However, the government is giving the mining industry a free kick in the form of this loophole and, despite our efforts to have it removed from the amendments, it looks set to feature in the new laws. The environment movement has been campaigning for mine rehabilitation law reform for 25 years and it looks like we are going to face another 25 into the future.
Last month's Beautiful Walk to Shellgrit Creek was very popular. We hosted 45 participants to observe the wading birds. The birds make an amazing journey each year when adults and fledglings set off from the edge of the Arctic Circle to travel all the way to our coastline. Some of the birds are only six weeks old when they commence this odyssey. They travel along the coast of Korea and China where they stop in wetlands to refuel before undertaking the remainder of their migration to Australia.
Since the 1960s, wetland reclamation for coastal development has dramatically reduced the food availability in South Korea and China. Those actions have sent some species that we observe in Mackay to the brink of extinction. It is heartening to hear that both countries have now decided to dramatically curtail coastal development in wetlands to protect threatened species. However, last year China had a particularly cold winter and most of the shellfish that the birds depend upon were killed, threatening already diminished populations. An international call to action led to many tonnes of shellfish being transported to the wetlands to give the birds the food they need to continue their homeward journey to their nesting grounds in northern Siberia and Alaska.
One of the key threats to birds in our region is the presence of dogs on beaches. While dogs don't necessarily kill the birds directly, they playfully chase the birds and force them to fly to a safer location. Each time they are forced to make an unwelcome flight, the wading birds use energy that would otherwise be laid down as fat for their return trip to the northern hemisphere. In the past month Mackay Regional Council has installed signage asking people to avoid using the southern end of Illawong Beach as a dog walking area during the months that the birds are present.
You're welcome to visit Shellgrit Creek and observe the birds from the viewing platform. It's best to visit at high tide when the birds are close by. Head down Illawong Drive and you will see the start of the council's new walk on the left. The path is clearly marked and contains some interpretive signage that will help you understand the local environment. Take binoculars or a telescope to identify the birds.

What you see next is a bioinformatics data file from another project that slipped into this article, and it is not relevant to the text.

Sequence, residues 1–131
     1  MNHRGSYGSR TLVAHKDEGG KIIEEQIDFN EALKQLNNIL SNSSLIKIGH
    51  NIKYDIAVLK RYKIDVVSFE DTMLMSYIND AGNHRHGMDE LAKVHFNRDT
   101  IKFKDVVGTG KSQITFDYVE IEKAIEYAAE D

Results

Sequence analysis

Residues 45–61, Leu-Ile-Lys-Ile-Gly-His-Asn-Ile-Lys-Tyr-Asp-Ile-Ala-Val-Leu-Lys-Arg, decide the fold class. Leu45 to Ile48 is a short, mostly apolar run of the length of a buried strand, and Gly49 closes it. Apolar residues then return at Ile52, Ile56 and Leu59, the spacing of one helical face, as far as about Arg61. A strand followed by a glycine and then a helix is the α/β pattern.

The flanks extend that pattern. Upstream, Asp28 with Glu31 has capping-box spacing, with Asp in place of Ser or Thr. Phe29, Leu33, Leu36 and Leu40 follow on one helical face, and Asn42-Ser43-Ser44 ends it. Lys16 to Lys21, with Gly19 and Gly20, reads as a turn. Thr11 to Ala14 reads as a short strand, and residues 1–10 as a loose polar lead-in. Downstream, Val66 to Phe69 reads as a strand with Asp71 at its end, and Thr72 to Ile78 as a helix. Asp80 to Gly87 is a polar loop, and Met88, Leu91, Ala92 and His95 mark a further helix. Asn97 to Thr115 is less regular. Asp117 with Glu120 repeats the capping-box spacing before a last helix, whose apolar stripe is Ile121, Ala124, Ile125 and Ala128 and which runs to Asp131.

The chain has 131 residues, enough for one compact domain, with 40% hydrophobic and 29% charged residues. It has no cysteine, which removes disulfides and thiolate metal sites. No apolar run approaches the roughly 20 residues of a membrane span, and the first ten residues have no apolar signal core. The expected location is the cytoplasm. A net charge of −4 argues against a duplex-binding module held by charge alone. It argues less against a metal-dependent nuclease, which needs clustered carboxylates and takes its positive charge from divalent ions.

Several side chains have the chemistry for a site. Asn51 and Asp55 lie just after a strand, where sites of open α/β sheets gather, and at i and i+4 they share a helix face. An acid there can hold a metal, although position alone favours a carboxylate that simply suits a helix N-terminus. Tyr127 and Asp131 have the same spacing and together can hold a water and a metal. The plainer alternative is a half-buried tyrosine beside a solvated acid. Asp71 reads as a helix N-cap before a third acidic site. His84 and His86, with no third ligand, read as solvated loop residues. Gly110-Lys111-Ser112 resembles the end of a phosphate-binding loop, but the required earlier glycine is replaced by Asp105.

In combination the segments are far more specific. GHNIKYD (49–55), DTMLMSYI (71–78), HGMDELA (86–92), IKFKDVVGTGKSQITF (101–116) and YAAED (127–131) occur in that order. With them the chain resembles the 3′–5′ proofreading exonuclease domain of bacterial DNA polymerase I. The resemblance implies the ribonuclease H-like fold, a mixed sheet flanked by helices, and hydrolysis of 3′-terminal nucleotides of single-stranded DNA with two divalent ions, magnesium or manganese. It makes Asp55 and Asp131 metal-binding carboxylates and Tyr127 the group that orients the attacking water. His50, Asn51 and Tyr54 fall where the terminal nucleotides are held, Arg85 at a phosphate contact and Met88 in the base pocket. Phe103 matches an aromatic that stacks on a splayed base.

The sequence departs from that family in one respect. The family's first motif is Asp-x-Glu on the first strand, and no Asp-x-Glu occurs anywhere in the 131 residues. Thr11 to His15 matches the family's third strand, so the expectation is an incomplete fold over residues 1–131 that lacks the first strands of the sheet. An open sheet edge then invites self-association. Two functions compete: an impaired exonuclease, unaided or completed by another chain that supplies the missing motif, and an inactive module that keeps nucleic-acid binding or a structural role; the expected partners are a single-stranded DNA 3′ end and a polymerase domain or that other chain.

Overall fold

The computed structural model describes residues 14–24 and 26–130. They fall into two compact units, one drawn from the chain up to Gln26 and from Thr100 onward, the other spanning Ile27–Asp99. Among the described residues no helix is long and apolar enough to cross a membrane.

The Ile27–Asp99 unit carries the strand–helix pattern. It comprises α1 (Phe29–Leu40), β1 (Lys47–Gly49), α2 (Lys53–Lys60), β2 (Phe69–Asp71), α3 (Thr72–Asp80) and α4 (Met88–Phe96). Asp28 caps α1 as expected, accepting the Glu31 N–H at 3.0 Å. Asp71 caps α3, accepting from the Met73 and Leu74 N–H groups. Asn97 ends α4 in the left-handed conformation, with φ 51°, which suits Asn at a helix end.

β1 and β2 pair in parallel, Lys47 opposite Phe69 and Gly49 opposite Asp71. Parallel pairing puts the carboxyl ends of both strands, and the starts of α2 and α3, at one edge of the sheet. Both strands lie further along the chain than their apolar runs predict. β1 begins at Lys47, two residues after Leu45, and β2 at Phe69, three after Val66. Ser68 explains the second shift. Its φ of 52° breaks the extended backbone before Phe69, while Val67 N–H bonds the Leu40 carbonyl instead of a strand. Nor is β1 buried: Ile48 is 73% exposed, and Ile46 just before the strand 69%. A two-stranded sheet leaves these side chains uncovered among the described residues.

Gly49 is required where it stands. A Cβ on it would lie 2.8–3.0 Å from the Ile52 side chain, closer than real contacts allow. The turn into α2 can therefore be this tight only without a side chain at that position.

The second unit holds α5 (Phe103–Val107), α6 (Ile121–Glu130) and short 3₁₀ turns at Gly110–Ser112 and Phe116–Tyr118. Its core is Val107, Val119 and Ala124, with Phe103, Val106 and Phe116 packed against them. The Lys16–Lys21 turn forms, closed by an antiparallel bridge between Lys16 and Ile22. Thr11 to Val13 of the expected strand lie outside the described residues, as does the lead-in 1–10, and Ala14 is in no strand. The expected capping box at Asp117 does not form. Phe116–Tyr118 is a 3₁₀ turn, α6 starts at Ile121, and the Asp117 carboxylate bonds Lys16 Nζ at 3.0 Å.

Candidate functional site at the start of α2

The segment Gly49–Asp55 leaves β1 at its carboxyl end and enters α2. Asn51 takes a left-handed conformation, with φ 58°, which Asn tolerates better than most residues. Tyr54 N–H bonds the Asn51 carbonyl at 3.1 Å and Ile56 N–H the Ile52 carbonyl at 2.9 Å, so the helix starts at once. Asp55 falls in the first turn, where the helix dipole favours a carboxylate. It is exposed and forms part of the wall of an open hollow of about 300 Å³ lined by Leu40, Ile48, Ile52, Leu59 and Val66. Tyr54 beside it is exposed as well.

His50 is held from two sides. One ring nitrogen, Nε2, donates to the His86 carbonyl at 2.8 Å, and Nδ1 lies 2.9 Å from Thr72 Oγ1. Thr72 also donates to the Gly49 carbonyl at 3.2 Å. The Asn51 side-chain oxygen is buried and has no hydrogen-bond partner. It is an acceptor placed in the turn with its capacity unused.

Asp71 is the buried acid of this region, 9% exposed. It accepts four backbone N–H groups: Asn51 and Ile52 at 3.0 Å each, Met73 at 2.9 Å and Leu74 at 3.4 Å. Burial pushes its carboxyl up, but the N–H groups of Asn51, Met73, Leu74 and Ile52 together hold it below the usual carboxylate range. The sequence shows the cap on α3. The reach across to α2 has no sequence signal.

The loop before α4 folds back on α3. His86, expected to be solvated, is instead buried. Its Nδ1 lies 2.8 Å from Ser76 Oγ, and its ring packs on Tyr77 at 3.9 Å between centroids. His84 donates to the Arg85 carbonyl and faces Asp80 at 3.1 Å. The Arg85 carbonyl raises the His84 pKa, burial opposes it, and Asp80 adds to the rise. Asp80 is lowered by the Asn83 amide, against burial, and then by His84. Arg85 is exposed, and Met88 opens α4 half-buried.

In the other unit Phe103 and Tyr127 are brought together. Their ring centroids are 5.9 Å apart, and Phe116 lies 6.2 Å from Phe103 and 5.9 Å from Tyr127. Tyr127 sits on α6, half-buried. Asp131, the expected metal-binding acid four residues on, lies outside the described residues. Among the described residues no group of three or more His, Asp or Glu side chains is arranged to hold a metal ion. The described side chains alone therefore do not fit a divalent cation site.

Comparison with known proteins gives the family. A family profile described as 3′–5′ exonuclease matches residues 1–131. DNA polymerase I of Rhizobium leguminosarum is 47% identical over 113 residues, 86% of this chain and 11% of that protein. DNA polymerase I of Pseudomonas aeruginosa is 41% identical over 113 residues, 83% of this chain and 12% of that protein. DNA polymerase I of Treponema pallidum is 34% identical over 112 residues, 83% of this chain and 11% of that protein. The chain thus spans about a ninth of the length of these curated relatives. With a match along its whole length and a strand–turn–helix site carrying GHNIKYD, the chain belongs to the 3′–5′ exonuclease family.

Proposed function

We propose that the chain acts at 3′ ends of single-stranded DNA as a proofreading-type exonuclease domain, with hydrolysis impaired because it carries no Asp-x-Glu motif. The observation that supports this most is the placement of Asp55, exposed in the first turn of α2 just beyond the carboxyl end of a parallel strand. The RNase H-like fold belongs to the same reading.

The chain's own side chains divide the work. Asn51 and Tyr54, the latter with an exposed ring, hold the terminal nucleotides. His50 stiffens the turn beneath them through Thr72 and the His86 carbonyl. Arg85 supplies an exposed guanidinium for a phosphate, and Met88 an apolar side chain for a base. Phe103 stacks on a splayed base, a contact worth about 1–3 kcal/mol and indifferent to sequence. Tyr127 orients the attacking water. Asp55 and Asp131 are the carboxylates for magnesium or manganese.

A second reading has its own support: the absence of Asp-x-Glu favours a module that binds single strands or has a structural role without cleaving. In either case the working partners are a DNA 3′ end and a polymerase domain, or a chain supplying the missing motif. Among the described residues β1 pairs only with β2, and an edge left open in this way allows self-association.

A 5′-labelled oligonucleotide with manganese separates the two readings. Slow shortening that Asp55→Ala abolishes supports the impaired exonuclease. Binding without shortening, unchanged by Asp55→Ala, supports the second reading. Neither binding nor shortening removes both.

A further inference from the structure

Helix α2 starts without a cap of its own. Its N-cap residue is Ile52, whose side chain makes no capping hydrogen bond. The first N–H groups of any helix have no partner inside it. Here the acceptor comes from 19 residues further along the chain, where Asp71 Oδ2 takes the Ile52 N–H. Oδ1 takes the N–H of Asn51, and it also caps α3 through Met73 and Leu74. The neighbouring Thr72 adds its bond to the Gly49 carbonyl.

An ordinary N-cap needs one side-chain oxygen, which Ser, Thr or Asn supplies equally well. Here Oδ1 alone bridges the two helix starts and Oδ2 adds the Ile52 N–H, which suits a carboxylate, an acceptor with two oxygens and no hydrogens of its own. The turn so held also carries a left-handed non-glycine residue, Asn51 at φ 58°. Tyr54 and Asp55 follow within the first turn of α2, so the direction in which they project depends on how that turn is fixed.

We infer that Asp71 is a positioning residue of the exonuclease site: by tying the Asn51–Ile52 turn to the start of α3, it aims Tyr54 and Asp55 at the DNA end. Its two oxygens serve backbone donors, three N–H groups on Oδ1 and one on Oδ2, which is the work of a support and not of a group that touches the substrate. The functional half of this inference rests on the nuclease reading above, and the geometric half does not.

Queensland's Smallest National Park
This month we're heading out of town a bit to explore the tiny pocket Reliance Creek National Park. Mackay Conservation Group members have been active in protecting the park since its inception in the 1980s. At one time it was almost completely overgrown with cats-claw creeper but manual eradication and the recent introduction of a biological control have brought it under control to a large extent.
Reliance Creek is an interesting part of the landscape with small billabongs and a tangle of native hibiscus and palm forest. It is one of the few intact examples of riparian (riverine) rainforest in our region. The walk is on Saturday, 24 November 2018 from 9:00 am to 11:00 am. Bookings are essential so please book your place today.
Annual General Meeting
One of the formal tasks MCG must undertake each year is to elect a committee. So we're inviting all members to attend our AGM on Tuesday 13 November commencing at 7.00pm. You can attend in person or online. If you are a paid up member of the group, please RSVP as soon as possible so we can organise refreshments.
We all know that throwing rubbish on the ground is littering, so why is letting a balloon float away seen as something different? Rubber Jellyfish is a feature-length documentary that explores the effects of helium balloons on the environment, wildlife and human beings.
Mum-to-be Carly Wilson sets out on a personal journey to meet key players on all sides in the fight to ban balloons, and exposes the confronting truth behind our favourite party product.
As she travels around Australia and explores problems around the world, seeking to understand the science and various points of view, Carly discovers a range of issues, from the heartbreaking impact on sea turtles to the potentially deadly effect of helium on children. Her journey takes her from littered beaches to the capital, as she speaks to businesses and politicians to find out why the balloon problem is being ignored and if something can be done.
The screening is being organised through Demand Film which imposes a minimum audience number for the film screening to proceed. We need another 27 people to book tickets over the next six days.
We have a winner!
Last month we said we would give a framed copy of Harry Bruce's wonderful cartoon about Mackay Conservation Group to one person who had donated to the group. We have applied huge computing power to conduct a random draw and we have a result. The winner is ... drum roll ... Robyn Cross from Clermont. We'll be posting the framed print to Robyn very soon. Robyn has been boldly fighting the encroachment of a huge coal mine on her family farm for many years. We think she's a very deserving winner and encapsulates the message that no matter how small you are or how big your opponent, you should never be afraid to stand up for your rights. Thanks to everyone who donated.